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ROYCE Simmons is expecting nothing less than the u

first_imgROYCE Simmons is expecting nothing less than the usual tough, blockbusting and intensive clash when Saints take on Wigan Warriors this Friday.The old rivals have been involved in two tight matches already this season and ‘Round Three’ looks just as close.And, as both sides had players backing up at the weekend and have had a five-day preparation period for the game, that should level out the contest and ensure the fans are enthralled with an epic contest.“Quite simply, you have two of the best sides in the world playing each other and we are closely matched,” Simmons said. “You see that with the great rivalries over the years. Teams battle though the 70s, 80s and 90s and hook into each other. It usually goes down to the last ten minutes and we know it is likely to happen again.“Our first game finished 16-16 and there were shots from the sidelines and drop goal attempts. The second one they scored with 30 seconds to go. It shows how intensive the games are and how important it is for us to play for the full 80 minutes.“We lost our way for 10 minutes in that match after losing Paul Wellens and Gary Wheeler and they scored, then we settled again, got in front and they pipped us at the end. In games like this every tackle you make is a potential try saver. Sometimes you can get away with missing a tackle but you can’t in these big matches.”Saints expect to have Francis Meli back in the centres, but have doubts over Josh Perry who has a problem at the top of his hamstring.But Shaun Magennis and Matty Ashurst will come back into the reckoning after being rested on Sunday.“Paul Clough is continuing his rehab too and is taking part in contact sessions,” Royce continues. “Leon Pryce is now running curves which is a good sign too. We’ve had a minor setback with Gary Wheeler which might put him back a week or two but James Roby came through the match at Odsal ok.“He was courageous in that match. The numbness was still there but it’s important he won’t be going into that first tackle in the Wigan game worrying about the injury.”Tickets for the match are still on sale at the Saints Superstore in St Helens Town Centre, by calling 01744 455 052 or by logging on to www.saintssuperstore.comlast_img read more

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SAINTS have announced their 19man squad for Thurs

first_imgSAINTS have announced their 19-man squad for Thursday’s First Utility Super League Semi Final against Catalan Dragons.Alex Walmsley returns from suspension in place of Matty Dawson.Nathan Brown will therefore choose from:2. Tommy Makinson, 3. Jordan Turner, 4. Josh Jones, 5. Adam Swift, 6. Lance Hohaia, 8. Mose Masoe, 9. James Roby, 10. Louie McCarthy-Scarsbrook, 11. Sia Soliola, 13. Willie Manu, 14. Anthony Laffranchi, 15. Mark Flanagan, 16. Kyle Amor, 17. Paul Wellens, 18. Alex Walmsley, 22. Mark Percival, 24. Gary Wheeler, 27. Greg Richards, 28. Luke Thompson.Laurent Frayssinous has named an unchanged 19 and will choose his Catalan side from:2. Morgan Escaré, 4. Ben Pomeroy, 5. Michael Oldfield, 6. Thomas Bosc, 8. Olivier Elima, 9. Ian Henderson, 10. Jeff Lima, 11. Zeb Taia, 12. Louis Anderson, 13. Greg Mounis, 15. Antoni Maria, 16. Eloi Pelissier, 17. Elliott Whitehead, 18. Daryl Millard, 21. Julian Bousquet, 24. Jason Baitieri, 25. Vincent Duport, 29. Benjamin Garcia, 34. Sam Williams.The game kicks off at 8pm and the referee will be Richard Silverwood.Tickets for the match remain on sale from the Ticket Office at Langtree Park, by calling 01744 455 052 or by logging on here.last_img read more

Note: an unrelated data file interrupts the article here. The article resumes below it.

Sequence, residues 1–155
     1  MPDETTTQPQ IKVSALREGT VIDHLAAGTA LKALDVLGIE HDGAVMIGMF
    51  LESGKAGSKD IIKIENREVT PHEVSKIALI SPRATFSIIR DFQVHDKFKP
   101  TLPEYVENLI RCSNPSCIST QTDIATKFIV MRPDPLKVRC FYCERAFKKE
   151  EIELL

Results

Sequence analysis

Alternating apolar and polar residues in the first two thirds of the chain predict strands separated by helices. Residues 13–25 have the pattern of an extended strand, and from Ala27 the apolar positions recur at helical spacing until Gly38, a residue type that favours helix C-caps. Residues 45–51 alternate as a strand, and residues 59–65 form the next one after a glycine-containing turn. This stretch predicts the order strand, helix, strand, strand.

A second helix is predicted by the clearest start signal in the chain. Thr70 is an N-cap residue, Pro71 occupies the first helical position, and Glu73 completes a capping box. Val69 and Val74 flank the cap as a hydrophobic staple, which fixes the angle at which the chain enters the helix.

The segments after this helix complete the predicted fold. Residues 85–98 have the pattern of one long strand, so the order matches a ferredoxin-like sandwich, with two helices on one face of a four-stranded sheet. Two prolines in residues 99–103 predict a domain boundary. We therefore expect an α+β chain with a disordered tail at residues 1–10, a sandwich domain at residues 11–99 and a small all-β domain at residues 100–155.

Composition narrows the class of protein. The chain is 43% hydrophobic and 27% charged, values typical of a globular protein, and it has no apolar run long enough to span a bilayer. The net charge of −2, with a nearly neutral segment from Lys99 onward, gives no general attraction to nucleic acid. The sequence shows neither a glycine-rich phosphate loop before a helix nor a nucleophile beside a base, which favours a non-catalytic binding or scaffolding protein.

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The violet coloured shirts are in memory of the fo

first_imgThe violet coloured shirts are in memory of the four-year-old who tragically passed away on Saturday after being struck by a stolen car.Her grandmother Angela French remains in hospital in a serious but stable condition after the incident.We will also wear the shirts next Friday when we take on Huddersfield at the Totally Wicked Stadium.last_img

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First Team Match SAINTS TV

first_imgSaints fell behind after tries from Danny Addy and Ryan Shaw before we responded in typical fashion with two tries from Naiqama and Makinson which sent us in 18-14 up at the break. Jimmy Keinhorst put Rovers back in front early in the second half before Jonny Lomax and Makinson again turned the score in our favour. Will Oakes pulled another try back for the hosts, but Naiqama and Makinson completed their hat-tricks before Regan Grace put the icing on the cake with a marauding run late on.You can watch all the tries which includes both hat-tricks in the extended highlights below.In his post match press conference, Holbrook said he was pleased with the response his players showed after falling behind and you can hear what the Head Coach has to say ahead of Saints Coral Challenge Cup clash with Huddersfield Giants later this week here on saintsrlfc.com.Tickets for Saints’ Coral Challenge Cup Round Six clash with the Huddersfield Giants at the John Smith’s Stadium on Sunday are now on sale from just £10 for adults. Click here for more information.Next up for Saints at the Totally Wicked Stadium is a Heaven vs Hell clash with Salford Red Devils on Friday May 17th with a 7:45pm kick off. You can buy tickets for the game online here, or by calling into the Ticket Office at the Totally Wicked Stadium.last_img read more

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First Team Match

first_imgYou can follow all the latest updates from the game, including exclusive content, by clicking on the Match Centre button below!last_img